If Manning “persists in her refusal” for the next 15 months or until the grand jury’s term ends, her legal team says she will face a total amount of fines that is over $440,000. This excessive amount may violate her Eighth Amendment rights under the Constitution.

        In May, Manning’s attorneys filed a motion challenging the harshness of the fines. The federal court has yet to rule on the motion or hold a hearing.

        The motion asserted there is no “appropriate coercive sanction” because Manning will never testify. She should be released from jail and relieved of all fines.

        “Ms. Manning has publicly articulated the moral basis for her refusal to comply with the grand jury subpoena, in statements to the press, in open court, and most recently, in a letter addressed to this court,” her attorneys stated. “She is suffering physically and psychologically, and is at the time of this writing in the process of losing her home as a result of her present confinement.”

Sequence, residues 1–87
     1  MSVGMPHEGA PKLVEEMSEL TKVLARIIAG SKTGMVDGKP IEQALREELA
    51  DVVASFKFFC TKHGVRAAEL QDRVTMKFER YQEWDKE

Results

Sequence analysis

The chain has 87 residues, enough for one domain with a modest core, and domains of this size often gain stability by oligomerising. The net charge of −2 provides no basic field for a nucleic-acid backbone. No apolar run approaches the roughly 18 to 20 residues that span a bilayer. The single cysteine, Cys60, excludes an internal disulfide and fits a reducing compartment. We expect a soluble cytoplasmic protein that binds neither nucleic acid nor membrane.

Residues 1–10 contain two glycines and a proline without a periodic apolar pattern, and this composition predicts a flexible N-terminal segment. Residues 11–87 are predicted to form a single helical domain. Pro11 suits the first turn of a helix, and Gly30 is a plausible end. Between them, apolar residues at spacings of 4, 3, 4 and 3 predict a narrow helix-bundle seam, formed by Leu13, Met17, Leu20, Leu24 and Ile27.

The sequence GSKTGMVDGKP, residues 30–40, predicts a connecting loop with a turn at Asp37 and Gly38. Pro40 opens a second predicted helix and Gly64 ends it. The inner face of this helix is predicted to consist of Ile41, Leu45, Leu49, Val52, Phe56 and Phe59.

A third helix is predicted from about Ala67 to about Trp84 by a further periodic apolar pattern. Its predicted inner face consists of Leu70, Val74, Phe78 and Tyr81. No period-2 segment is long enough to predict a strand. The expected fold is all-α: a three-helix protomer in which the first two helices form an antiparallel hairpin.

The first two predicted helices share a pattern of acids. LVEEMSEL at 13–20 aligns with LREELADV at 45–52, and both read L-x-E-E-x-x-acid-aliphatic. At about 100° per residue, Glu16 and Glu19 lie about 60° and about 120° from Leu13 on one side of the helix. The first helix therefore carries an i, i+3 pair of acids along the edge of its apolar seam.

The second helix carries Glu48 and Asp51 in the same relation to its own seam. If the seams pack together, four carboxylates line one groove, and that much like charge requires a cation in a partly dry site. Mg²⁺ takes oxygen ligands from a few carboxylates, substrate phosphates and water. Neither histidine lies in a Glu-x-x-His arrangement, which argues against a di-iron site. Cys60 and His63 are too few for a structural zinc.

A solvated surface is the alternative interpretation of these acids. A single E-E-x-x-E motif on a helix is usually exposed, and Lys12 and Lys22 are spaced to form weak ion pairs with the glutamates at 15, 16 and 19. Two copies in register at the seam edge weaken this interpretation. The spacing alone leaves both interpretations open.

“The government, and maybe the general public, think that I have access to resources just because I am a public figure but that’s just not true,” Manning previously declared. “Making money has never been my priority.”

    • Environment

      • Energy

        • ‘We Can’t Sit on the Sidelines and Be Climate Deniers,’ Dominion VP Warns Natural Gas Industry

          Donald Raikes arrived at 2019’s DUG East conference, a major shale gas industry gathering in Pittsburgh, with a mixed set of messages for his fellow fossil energy officials.

          “We are faced with a lot of challenges in this industry,” Raikes, senior vice president of gas infrastructure at Dominion Energy, said. “And this morning what I plan to do is use my time to carve out a call for action for all of us. We need to be very aware of the forces that are out there and how they are coming against us.”

          What sorts of forces? Raikes warned specifically about opposition from environmental groups.

          But Raikes also warned that the oil and gas industry was doing itself no favors by denying that it affects the environment, and he even dipped his toes into the issue of climate science denial.